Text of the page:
Use Intuition and Directional Accuracy to Build Your Workouts

This week was an exciting one if you like to watch the drama in the fitness community. On Facebook, there was some heated disagreement on the role volume has on hypertrophy between Lyle McDonald, Brad Schoenfeld, and James Krieger.

All three of these gents are at least 10x smarter than me on topics of lifting and they disagree. So how do I resolve issues when my mentors don’t agree with each other? Two methods.

#1 Use Intuition

The truth is likely somewhere in the middle. And that truth will vary from lifter to lifter. Our training age, our biological age, our somatype, and our general approach to lifting will be factors in determining what is best for us at any given stage on our fitness journey.

For me, I need to find a balance that allows me to improve, keeps me interested, allows time for me to recover, and most importantly is safe. There is no single recipe that fits my needs. There are many paths to achieve my goals. I need to find that path for myself. The gym is the place I go to get feedback. My workouts will tell me in due time if I’m slacking off or pushing it too hard.

Developing your own intuition on lifting is as important as lifting itself, especially as you age. Staying in the game and knowing what is best you on any given week is the key to staying fit. Other voices – evening dissenting voices – can be useful, but your intuition needs to be on point.

#2 Directionally Accurate

A lot of the debate on the role of volume comes down to specific ranges of numbers. Those numbers are unimportant to me. I’m measuring the tone and direction of serious voices. On the volume topic, I see the case for more volume getting stronger. How strong? That is not important. Just stronger than before.

I developed a lower training volume habit first via HIT and then during the years when my knee was in worse shape. I would be a fool to jump directly up to the high volumes being discussed online. (I think it was 30 sets per week). But I do believe the directionally accurate path is adding more volume.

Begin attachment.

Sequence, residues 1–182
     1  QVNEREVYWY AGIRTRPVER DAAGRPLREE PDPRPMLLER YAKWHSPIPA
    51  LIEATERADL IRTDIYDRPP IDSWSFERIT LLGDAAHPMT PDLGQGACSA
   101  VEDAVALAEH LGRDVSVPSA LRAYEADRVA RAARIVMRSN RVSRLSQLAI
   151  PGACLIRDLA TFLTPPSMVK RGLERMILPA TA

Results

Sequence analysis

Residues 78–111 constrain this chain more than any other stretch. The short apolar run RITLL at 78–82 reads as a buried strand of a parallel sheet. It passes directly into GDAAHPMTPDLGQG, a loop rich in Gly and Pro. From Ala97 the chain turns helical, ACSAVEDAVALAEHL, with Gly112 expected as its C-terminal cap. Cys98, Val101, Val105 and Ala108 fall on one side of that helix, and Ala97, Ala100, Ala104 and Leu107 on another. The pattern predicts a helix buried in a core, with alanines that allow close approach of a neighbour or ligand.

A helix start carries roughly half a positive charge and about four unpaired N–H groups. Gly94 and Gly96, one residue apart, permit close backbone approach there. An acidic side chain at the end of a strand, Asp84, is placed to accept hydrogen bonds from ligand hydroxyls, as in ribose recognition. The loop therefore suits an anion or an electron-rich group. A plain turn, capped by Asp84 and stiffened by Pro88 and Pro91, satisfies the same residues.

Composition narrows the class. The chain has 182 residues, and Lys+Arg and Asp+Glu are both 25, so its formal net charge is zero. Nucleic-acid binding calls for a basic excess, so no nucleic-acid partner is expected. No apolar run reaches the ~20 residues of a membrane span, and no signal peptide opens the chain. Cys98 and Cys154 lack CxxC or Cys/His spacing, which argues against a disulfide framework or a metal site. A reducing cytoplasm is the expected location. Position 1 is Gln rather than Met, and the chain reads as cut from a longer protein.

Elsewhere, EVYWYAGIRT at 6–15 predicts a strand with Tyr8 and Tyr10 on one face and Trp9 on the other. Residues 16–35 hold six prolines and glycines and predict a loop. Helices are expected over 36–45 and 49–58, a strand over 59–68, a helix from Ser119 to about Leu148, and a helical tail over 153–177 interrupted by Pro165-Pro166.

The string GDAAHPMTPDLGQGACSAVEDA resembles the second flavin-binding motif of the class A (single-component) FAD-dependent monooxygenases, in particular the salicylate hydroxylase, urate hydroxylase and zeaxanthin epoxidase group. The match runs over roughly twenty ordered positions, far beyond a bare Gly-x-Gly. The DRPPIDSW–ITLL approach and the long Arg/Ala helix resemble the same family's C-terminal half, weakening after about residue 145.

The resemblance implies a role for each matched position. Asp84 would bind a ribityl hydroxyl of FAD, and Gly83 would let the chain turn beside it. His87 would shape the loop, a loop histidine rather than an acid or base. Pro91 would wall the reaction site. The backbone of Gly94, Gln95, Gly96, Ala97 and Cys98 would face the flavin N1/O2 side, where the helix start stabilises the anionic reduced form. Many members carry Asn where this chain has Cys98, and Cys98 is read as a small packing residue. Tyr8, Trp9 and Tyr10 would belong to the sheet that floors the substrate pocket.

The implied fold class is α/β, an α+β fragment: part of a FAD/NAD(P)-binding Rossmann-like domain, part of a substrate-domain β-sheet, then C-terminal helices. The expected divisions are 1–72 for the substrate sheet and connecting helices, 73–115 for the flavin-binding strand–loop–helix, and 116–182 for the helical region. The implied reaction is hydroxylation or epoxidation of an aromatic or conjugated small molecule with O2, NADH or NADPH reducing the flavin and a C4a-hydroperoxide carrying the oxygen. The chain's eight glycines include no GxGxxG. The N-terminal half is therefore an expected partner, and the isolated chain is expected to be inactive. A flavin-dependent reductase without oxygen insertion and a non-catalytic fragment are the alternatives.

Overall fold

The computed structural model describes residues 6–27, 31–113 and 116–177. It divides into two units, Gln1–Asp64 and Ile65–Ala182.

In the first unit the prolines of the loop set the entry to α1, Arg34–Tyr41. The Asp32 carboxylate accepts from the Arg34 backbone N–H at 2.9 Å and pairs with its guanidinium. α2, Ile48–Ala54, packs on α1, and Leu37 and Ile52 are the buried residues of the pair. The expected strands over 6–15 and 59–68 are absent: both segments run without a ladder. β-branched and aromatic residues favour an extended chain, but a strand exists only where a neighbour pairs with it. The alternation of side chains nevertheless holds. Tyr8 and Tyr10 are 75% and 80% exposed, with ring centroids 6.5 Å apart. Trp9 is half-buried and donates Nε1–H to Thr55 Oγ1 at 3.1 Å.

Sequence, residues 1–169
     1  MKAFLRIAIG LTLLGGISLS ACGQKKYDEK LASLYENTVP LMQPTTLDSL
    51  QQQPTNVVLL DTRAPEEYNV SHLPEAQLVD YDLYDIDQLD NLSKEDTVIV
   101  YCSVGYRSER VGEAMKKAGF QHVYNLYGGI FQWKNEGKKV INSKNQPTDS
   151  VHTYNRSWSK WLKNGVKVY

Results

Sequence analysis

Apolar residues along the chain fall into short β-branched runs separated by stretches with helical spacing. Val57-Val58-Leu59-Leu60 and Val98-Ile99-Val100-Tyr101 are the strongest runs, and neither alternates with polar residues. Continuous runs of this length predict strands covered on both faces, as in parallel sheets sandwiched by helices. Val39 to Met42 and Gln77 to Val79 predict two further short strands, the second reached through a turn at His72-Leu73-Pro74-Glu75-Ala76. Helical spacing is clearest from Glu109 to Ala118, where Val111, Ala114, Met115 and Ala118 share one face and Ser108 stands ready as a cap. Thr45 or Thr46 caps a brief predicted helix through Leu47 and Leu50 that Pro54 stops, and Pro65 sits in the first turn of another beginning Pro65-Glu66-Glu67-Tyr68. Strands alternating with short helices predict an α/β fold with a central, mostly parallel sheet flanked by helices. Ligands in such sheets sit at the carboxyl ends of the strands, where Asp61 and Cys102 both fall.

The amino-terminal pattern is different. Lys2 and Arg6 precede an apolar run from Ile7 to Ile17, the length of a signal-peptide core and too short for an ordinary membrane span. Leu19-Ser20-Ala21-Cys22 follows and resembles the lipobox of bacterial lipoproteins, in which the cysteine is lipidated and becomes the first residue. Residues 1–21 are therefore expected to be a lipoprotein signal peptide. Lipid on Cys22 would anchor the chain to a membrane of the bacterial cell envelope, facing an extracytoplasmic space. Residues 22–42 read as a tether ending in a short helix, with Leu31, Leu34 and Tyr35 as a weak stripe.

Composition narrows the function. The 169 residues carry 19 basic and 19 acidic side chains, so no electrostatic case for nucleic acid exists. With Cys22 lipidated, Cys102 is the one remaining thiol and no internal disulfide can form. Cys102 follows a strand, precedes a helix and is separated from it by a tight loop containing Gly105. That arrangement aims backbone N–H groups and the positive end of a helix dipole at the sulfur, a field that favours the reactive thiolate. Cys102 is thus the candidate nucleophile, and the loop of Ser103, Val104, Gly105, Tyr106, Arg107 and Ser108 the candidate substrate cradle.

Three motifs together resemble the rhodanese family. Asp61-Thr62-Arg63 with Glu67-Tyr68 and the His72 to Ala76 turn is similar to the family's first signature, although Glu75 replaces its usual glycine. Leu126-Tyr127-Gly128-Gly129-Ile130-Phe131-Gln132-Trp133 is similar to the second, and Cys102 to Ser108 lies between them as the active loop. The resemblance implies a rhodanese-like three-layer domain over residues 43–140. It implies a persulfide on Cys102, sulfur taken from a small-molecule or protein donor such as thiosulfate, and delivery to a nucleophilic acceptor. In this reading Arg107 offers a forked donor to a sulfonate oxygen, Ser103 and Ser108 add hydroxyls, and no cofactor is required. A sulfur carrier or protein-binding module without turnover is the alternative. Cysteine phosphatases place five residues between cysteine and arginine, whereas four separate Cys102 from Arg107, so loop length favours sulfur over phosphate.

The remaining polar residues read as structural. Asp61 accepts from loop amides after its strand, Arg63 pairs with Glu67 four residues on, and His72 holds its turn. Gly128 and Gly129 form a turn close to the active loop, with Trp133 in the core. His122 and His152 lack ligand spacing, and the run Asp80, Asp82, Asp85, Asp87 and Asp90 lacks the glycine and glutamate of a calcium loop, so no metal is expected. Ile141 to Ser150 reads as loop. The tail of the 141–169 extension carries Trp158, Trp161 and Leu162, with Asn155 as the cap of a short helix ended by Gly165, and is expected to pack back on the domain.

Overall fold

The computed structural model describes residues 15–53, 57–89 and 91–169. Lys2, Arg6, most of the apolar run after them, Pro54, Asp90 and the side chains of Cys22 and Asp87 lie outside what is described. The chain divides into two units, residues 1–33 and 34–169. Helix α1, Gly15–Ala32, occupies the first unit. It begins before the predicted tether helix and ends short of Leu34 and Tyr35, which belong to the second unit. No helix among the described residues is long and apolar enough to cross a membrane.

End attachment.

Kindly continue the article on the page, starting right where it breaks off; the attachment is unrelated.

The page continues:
New studies are always coming out and the volume case could get weaker or stronger. We will see. I can’t wait for new studies though, I’m heading to the gym tomorrow.

Connecting Intuition With Directionally Accuracy

My plan is starting this week to add a few more sets a week to my chest, back, and legs. Then periodically, I’ll add a few more sets as soon as I feel my recovery is solid. It might be a week or a month or longer. There is no rush. I’m not going anywhere.

I’ll listen to my intuition to guide me as I add on the volume. I’ll be checking my weight and using a tape measure as well. I’ve been undereating recently and I know I’ll need to correct that problem as I reach for more hypertrophy gains via increased volume. If I can’t fix the calories right away, I’ll pause on the volume until I can.

weights

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MAS

Critical MAS is the blog for Michael Allen Smith of Seattle, Washington. My interests include traditional food, fitness, economics, and web development.

3 thoughts on “Use Intuition and Directional Accuracy to Build Your Workouts”

  1. Ive been following this with interest, as a “believer” in HIT.
    I would have thought though that this conundrum should be scientifically solvable, ie I assume muscle damage can be measured, and muscle growth obviously can…
    I take it though that currently the data isn’t overwhelming or extensive enough to presently settle this? Or is it like the belief that stretching prevents injuries, a persistent old wives tail that actually has been settled years ago

  2. @matt – The news that muscle damage is not needed for muscle growth was the big foundation shift for me this summer. A belief that has been assumed for decades looks to be unfounded. Of course, that could change, but for now, the directional accuracy is saying that damage is not a prerequisite.

    https://www.strongerbyscience.com/muscle-damage/

  3. Ive changed my routine from HIT to volume now to see if it leads to more progress. Ive found tho I have to keep reminding myself not to train to failure, which has become an ingrained habit.

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